New Delhi: President Pranab Mukherjee today signed the ordinance on sexual assault which was passed by the union cabinet on Friday. Women’s rights groups had urged the President yesterday not to sign the ordinance, saying the cabinet had selectively accepted the recommendations of the Justice JS Verma commission.
With President Mukherjee signing it, the ordinance comes into effect immediately. The Parliament now has to pass the ordinance within six months. The Budget Session of Parliament starts on February 21.
The Union Cabinet on Friday recommended the draft of the ordinance to the President for his assent in a bid to fast-track amendments to the laws to check crime against women, the subject of national debate after the fatal gang-rape of a young student on a Delhi bus in December.
The ordinance incorporates some but not all of the recommendations of the Justice Verma commission, a panel of three legal experts, appointed by the government in the wake of fierce street protests after the Delhi gang-rape.
In its ordinance, the government has suggested death penalty or imprisonment till death in ‘extreme’ cases of sexual assault. The Justice Verma panel did not ask for the death penalty even for extreme cases of rape, largely because women’s groups were not in favour of it.
Also, the Justice Verma committee had recommended that marital rape be recognised as a crime, it does not feature in the ordinance which also replaces the word “rape” with the term “sexual assault” and includes acid attacks and stalking. The ordinance also does not include any reference to a review of the Armed Forces Special Powers Act or AFSPA -the commission had suggested that sexual crimes by members of the armed forces should be tried under ordinary criminal law.
A day after the ordinance was passed by the cabinet, women’s groups lashed out at the Centre. “We are alarmed at the complete lack of transparency shown by the government… We call upon the President not to sign such an ordinance,” the groups said in a statement.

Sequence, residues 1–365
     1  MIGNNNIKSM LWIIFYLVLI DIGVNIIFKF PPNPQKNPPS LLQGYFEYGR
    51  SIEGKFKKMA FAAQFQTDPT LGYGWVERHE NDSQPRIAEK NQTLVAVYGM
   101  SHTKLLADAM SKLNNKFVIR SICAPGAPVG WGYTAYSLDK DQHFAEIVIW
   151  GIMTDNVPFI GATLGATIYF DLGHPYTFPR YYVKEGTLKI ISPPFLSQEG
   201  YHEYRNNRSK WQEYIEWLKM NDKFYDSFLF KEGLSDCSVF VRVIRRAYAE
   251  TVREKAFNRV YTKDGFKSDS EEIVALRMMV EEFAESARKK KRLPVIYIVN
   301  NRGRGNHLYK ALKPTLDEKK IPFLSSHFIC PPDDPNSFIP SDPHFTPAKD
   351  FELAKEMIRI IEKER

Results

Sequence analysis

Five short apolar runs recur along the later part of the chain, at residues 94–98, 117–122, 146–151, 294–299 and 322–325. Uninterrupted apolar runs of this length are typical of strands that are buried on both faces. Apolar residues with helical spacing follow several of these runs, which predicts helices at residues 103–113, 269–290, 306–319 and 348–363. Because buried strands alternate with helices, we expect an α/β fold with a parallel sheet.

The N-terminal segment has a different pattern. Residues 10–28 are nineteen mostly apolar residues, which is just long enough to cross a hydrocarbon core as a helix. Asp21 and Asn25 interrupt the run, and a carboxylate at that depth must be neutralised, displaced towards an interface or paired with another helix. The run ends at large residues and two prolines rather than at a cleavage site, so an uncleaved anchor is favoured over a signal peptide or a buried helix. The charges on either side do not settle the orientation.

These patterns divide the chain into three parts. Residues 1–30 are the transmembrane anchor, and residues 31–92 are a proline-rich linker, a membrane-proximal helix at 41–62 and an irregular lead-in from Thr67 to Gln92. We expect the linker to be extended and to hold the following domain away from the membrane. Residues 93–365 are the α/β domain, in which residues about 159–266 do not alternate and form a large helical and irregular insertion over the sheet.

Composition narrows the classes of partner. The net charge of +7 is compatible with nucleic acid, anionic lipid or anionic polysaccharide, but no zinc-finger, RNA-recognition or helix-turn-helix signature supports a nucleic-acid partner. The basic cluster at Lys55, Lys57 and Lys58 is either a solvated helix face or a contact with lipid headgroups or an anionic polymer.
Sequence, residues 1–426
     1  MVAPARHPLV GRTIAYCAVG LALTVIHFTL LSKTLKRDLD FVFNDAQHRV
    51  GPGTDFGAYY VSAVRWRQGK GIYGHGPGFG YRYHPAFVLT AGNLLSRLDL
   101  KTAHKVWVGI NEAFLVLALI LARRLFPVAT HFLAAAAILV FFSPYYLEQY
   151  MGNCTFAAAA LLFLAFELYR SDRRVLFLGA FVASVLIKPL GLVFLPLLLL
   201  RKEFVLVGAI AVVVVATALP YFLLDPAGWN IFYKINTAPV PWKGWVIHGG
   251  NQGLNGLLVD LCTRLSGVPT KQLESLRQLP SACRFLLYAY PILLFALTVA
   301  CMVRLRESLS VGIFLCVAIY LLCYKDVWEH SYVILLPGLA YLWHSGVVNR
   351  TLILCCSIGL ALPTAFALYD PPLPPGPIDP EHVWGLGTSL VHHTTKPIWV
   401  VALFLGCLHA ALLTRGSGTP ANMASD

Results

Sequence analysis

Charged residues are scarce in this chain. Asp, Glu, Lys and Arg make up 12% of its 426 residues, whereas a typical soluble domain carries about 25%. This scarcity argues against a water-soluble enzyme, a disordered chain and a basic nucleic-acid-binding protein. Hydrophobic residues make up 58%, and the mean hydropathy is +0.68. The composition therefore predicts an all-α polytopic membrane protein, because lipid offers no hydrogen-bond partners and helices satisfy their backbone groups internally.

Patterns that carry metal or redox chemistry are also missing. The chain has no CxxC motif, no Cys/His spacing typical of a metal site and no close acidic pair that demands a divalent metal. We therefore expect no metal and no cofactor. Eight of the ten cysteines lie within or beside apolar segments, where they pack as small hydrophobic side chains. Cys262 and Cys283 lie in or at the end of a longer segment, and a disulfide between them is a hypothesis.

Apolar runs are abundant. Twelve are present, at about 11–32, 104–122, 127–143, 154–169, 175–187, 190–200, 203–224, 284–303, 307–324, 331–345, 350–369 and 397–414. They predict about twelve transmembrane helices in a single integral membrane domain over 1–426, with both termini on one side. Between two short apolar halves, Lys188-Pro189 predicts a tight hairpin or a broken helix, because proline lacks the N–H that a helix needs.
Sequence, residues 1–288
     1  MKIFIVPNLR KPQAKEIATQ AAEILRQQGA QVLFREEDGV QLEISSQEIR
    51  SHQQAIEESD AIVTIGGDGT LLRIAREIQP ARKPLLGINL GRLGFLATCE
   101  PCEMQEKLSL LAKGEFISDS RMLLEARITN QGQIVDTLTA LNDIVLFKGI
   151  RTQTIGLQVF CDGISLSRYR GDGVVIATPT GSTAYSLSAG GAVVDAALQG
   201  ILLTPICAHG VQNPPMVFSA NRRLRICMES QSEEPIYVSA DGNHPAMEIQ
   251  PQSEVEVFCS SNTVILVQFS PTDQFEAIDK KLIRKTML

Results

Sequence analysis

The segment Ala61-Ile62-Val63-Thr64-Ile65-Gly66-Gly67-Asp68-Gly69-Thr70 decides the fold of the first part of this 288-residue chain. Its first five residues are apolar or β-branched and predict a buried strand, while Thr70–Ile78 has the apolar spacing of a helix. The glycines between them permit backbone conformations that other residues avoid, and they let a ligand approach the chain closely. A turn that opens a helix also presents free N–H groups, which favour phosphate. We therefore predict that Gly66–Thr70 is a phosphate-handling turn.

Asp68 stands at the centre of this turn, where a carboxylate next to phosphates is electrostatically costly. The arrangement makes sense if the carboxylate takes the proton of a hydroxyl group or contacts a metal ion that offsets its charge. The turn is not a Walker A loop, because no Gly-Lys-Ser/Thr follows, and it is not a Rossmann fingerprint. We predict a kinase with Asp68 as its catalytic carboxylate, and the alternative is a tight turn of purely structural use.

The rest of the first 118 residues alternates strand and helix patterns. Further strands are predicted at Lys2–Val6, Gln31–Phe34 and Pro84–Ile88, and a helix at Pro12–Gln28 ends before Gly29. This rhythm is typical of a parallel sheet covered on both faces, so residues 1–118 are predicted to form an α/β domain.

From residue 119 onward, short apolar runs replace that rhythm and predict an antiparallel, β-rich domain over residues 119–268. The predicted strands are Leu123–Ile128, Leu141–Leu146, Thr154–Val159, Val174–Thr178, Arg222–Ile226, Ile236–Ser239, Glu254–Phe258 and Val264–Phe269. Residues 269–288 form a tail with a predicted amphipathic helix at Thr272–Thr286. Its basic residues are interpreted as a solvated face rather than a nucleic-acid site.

The groups were represented by human rights lawyer Vrinda Grover, Sunita Dhar of Jagori, Kavita Krishnan from the All India Progressive Women’s Association and Madhu Mehra from Partners for Law and Development.
The activists said the government had ignored all recommendations of the Verma commission that could have empowered women in the fight against sexual violence.
“An ordinance like this, implemented by stealth, serves to weaken our democracy. It betrays the trust of thousands of men and women who marched on the streets of Delhi and other cities demanding an end to impunity for sexual violence,” said Vrinda Grover.
Minister of State for Home, RPN Singh, assured that the ordinance was not final. “The standing committee is going to see all the recommendations of the Verma commission. We will discuss these recommendations. The government is aware that we need stringent laws to protect women,” he said.
To better understand why the AFSPA and other provisions suggested by the Justice Verma Commission were not accepted by the Indian Government one needs to readPaula Banerjee’s interview in Live Encounters. Paula is co-author of Women in Indian Borderlands an insightful collection of research articles on the prevailing ground realities for women living along the Indo-Pak border, Indo-Burma border and the Indo-Bangladesh border.
One hopes that in the months to come civil and human rights groups in India would force the government to accept all provisions suggested by the Justice Verma Commission.
India prides itself as the world’s largest democracy. It is time to show the world that it is.
Om Shanti Shanti Shanti Om